Online Program

Parent Perceptions of a Children's Physical Activity Initiative in a Rural Community

Monday, November 2, 2015

Katie Leslie, PhD, MS, Health Sciences Center Office of Diversity and Inclusion, University of Louisville, Louisville, KY
Kristi King, PhD, CHES, Department of Health and Sport Sciences, University of Louisville, Louisville, KY
Richard W. Wilson, DHSc, MPH, Health Promotion & Behavioral Sciences, School of Public Health and Information Sciences, University of Louisville, Louisville, KY
Patricia Gagne, PhD, Department of Sociology, College of Arts and Sciences, University of Louisville, Louisville, KY
V. Faye Jones, MD, PhD, MSPH, University of Louisville, Louisville, KY

In 2008, a coalition of community leaders and parents sought to increase access to physical activity opportunities for residents in a rural Kentucky community. To date, a variety of year-round programs conducted at borrowed spaces from local schools have targeted children, utilizing the strategy to first engage children as a way to extend behavior change to other members of the community. This study assessed the influence of child participation in physical activity programs on parent physical activity, and to determine potential methods of intervention to increase adult physical activity in a rural community.


Focus groups and individual interviews were conducted with parents of children who participated in the physical activity programs. Constructs from social cognitive theory and the social ecological model provided sensitizing concepts that were investigated during data collection. Data were audio-recorded, transcribed verbatim and analyzed using a grounded theoretical approach.


Findings revealed increased community awareness surrounding physical activity following program implementation. In addition to increased physical activity levels, children experienced social growth through program participation. Parents and children encouraged and motivated each other to be physically active, though younger children initiated joint physical activity more often than adolescents. Barriers to adult physical activity, including a lack of community spaces for families to be physically active together, were identified.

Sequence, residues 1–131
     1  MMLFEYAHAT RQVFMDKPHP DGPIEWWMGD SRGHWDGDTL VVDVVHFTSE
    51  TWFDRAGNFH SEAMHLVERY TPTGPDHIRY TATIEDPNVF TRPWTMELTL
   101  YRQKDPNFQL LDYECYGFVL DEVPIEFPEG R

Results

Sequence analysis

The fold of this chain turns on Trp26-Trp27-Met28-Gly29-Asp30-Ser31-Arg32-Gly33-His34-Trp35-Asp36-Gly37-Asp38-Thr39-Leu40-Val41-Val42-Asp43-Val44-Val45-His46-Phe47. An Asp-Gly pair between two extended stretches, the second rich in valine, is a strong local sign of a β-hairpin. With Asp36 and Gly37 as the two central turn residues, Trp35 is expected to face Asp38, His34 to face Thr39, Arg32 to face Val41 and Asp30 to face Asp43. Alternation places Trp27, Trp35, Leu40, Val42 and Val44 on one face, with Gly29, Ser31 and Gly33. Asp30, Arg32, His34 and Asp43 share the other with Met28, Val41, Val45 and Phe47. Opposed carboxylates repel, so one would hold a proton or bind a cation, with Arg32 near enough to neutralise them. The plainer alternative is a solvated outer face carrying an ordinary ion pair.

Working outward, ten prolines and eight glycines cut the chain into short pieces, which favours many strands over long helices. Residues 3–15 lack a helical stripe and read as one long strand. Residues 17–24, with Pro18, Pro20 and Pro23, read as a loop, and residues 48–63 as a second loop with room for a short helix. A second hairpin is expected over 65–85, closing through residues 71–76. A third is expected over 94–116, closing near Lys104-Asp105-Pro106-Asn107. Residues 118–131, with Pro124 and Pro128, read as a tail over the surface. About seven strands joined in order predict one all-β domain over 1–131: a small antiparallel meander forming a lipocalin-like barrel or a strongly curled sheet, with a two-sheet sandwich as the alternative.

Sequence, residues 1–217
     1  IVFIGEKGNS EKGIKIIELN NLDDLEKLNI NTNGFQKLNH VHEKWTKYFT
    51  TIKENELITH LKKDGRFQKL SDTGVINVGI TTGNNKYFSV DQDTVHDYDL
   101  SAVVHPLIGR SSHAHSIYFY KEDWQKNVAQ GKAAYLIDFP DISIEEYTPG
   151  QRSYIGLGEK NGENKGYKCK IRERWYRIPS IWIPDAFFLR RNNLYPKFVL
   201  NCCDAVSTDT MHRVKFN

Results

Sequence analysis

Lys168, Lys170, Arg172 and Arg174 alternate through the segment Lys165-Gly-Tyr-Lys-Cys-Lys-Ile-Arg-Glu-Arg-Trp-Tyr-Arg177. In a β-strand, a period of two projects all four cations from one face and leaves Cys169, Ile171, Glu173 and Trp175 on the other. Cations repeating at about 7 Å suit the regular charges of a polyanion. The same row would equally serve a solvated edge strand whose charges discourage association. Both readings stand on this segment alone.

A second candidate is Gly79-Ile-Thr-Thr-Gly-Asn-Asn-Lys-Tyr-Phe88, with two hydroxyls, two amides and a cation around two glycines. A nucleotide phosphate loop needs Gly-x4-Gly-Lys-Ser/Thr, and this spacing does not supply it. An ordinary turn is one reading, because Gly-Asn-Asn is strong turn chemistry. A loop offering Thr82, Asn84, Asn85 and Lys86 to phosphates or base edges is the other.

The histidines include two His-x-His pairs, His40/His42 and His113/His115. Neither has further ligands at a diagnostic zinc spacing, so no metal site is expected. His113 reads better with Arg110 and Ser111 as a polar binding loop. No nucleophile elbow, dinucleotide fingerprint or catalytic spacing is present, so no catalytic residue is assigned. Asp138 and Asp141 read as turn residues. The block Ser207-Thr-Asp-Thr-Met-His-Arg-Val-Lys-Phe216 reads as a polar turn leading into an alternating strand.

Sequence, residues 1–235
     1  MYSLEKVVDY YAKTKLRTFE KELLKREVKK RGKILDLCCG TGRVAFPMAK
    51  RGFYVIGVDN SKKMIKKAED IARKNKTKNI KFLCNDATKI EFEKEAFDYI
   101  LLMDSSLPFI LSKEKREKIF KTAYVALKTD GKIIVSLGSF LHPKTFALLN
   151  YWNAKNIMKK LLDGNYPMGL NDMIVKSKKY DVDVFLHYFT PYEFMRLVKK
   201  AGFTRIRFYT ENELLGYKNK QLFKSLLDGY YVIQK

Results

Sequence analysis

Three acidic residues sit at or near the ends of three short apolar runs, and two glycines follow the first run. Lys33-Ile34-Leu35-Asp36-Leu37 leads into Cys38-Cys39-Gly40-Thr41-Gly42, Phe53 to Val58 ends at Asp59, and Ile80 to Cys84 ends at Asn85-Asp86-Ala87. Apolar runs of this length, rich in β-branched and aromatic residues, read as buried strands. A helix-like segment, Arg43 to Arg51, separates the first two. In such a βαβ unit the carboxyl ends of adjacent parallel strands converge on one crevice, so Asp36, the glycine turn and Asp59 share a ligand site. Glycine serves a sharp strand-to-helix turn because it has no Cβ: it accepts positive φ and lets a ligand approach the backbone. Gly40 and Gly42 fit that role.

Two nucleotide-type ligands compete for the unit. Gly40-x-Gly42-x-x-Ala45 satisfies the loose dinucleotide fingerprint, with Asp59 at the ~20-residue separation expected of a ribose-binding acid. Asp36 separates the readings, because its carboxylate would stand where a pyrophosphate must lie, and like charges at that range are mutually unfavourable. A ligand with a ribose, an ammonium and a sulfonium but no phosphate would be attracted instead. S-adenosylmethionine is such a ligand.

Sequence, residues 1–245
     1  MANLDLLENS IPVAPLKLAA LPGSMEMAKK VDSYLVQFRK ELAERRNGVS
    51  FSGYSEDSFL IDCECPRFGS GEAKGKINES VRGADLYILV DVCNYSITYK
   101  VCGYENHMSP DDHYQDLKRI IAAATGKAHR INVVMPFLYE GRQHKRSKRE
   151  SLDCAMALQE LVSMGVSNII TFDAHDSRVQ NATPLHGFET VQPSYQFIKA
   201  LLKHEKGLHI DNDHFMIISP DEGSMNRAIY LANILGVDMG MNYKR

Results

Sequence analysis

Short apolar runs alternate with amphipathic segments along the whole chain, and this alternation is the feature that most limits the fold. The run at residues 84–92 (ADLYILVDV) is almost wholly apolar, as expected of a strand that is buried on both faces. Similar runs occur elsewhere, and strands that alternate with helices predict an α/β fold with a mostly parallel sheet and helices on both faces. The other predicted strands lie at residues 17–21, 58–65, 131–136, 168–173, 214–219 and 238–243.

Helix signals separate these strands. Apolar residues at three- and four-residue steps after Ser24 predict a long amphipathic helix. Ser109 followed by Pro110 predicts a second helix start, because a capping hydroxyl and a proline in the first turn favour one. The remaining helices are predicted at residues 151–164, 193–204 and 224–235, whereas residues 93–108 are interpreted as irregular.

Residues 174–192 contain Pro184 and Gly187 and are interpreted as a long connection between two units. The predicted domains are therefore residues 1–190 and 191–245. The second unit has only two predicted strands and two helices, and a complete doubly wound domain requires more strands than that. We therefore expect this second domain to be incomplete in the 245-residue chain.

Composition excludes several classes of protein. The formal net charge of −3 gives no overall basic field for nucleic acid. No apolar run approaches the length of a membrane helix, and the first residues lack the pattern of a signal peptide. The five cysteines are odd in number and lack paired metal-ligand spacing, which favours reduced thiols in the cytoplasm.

These findings indicated a bidirectional influence between parent and child physical activity behaviors and the need for community recreational facilities where both children and adults can be physically active together.

Learning Areas:

Conduct evaluation related to programs, research, and other areas of practice
Implementation of health education strategies, interventions and programs
Public health or related research
Social and behavioral sciences

Learning Objectives:
Describe one way to increase community awareness surrounding physical activity. Identify three bariers to adult physial activity in rural communities.

Keyword(s): Physical Activity, Rural Health

Presenting author's disclosure statement:

Qualified on the content I am responsible for because: This submission presents the results of my disseration research in health promotion and behavioral sciences. My research interests focus on community efforts to improve health in underserved populations.
Any relevant financial relationships? No

I agree to comply with the American Public Health Association Conflict of Interest and Commercial Support Guidelines, and to disclose to the participants any off-label or experimental uses of a commercial product or service discussed in my presentation.